The Unexpected Impact of COVID on Shipping

By Chokniti Khongchum via Shutterstock

There’s no denying it — the world has changed.

In the past year, the global pandemic has disrupted industries, economies, and ways of working. Every industry has encountered challenges adapting to these changes — the shipping industry included.

Disruptions expose issues; the lack of global supply chain visibility, the limitations of physical documentation, and the need to be flexible and agile.

These challenges aren’t new, but now they’ve become a priority.

The pandemic has shown us why they need to be solved (and left little alternative).

Lockdowns forced flexible, remote-working arrangements.
Travel restrictions replaced overseas trips with video calls.
Disruptions increased demand for digital documentation.

Simply put, the pandemic has accelerated the digital transformation of the shipping industry by 10–15 years. And truth be told, as Lars Jensen, CEO of Sea Intelligence pointed out, it has shown how much further along the digital path we were than we thought.

Times of change spark greater collaboration, and this article wouldn’t be possible without the inputs of my industry colleagues. While I couldn’t include every insight, all the inputs shared on my LinkedIn post have been truly valuable.

Digital transformation is less about tech, and more about adoption. There’s little point in great tech if people don’t use it.

As Steven Jan Van Hengel, Senior Business Manager at Routescanner, points out, “adoption has been the delaying factor” in the digital transformation of our industry.

We humans avoid pain more than we seek gain. So, when the pain of change appears greater than the pain of inaction (“it’s too hard, and too complex, and not necessary”) then we stay still.

But the pandemic has turned that on its head.

“There is a much greater willingness (not just willingness — but even a ‘push’) to adapt and adopt than I have ever seen before” Cathy Hodge, Cofounder/COO of Smart Maritime Network

When we feel the pain, we see the need for change.

The pandemic “highlighted how predictable container shipping was pre-COVID” (Sam Greenhalgh, Business Development Director at Zencargo). When that predictability is turned upside down, we begin to change — fast.

As it turns out, there’s no better way to speed up adoption than necessity.

Change happens fastest when it has to.

The pandemic forced many issues to the top of the list.

Just a year ago, working from home was the exception. Now, it’s the (new) norm.
Global travel was essential, until it wasn’t.
All those meetings that simply had to be face to face, didn’t.

And now we’ve seen the benefits, how could we go back? We’ve opened our eyes to new ways, we’ve seen the upsides, how will the old ways seem in comparison?

Jan Hoffman, Chief, Trade Logistics Branch, DTL at UNCTAD explains that now “there is clearly more interest in e-solutions (automation, electronic payments, information portals, pre-arrival processing, e-signatures etc) than before the pandemic”, a view echoed by Jacob Bejoy, VP, Group Head — CoE Blockchain at DeutschePost DHL — “documentation management took a new turn, as electronic-share took prevalence.”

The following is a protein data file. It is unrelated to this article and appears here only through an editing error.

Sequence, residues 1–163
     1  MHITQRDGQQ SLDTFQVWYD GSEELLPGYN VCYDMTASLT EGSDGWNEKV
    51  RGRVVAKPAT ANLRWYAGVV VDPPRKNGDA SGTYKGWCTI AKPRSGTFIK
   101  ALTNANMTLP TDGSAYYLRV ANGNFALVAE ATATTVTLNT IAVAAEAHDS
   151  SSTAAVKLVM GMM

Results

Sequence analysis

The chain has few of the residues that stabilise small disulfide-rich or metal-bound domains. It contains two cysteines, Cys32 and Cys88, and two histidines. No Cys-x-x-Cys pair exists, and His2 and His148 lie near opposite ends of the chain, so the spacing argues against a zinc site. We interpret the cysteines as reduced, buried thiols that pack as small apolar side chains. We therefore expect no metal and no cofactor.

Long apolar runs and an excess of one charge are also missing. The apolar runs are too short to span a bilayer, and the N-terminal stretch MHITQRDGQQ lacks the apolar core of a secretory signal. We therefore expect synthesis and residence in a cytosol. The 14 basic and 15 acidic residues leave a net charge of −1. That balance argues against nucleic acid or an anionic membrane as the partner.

This is welcome news. As many know, digitalising documentation is an enormous opportunity for the industry, but transformation has been slow going.

Electronic documents, real-time tracking, data sharing and standardisation — all of them are now receiving more focus than ever.

The wheels of change are clearly in motion, but are they spinning in the same direction?

As we rush to change, we can’t lose sight of the bigger picture.

Every change has second order effects. Supply chains are chains after all. Changes here, have impacts there. The better we coordinate and consider those impacts ahead of time, the easier we avoid issues in the future.

So as we develop electronic bill of lading, real-time tracking, and data sharing solutions we must coordinate, and collaborate. Solutions-in-silos become problems later.

On 3rd March, I’ll be sitting down with Eric Johnson, Senior Editor, Technology, of JOC, as part of TPM21 (the premier conference for the trans-Pacific and global container shipping and logistics community) to discuss how COVID-19 has accelerated digital development in our industry.

These opportunities to collaborate help us work together as an industry to ensure solutions we develop work at an industry level, not just in our own little bubbles.

By zooming out we’re reminded of the importance of standards and interoperability. Digital solutions must be able to talk to one another.

And so do we.

Ultimately, technology should enhance our lives. As humans.

The drastic changes over the past year, to our lifestyle, society, ways of working, and industries have brought perspective.

Yes, digital transformation is important, and these leaps forward represent a great opportunity. But we must always remember the importance of real, meaningful, human connection.

Video calls are efficient but can’t replace face to face entirely. Remote work is convenient but lacks team spirit and camaraderie. Work is as much about the relationships we form, and the experiences we have, as it is about the work itself.

So as we happily push forward into global digital transformation, never lose sight of our human side.

Husband, father, bass player, shoeaholic. CDIO at @MSCCargo and chairman of DCSA. I mostly tweet about the digitalisation of container shipping!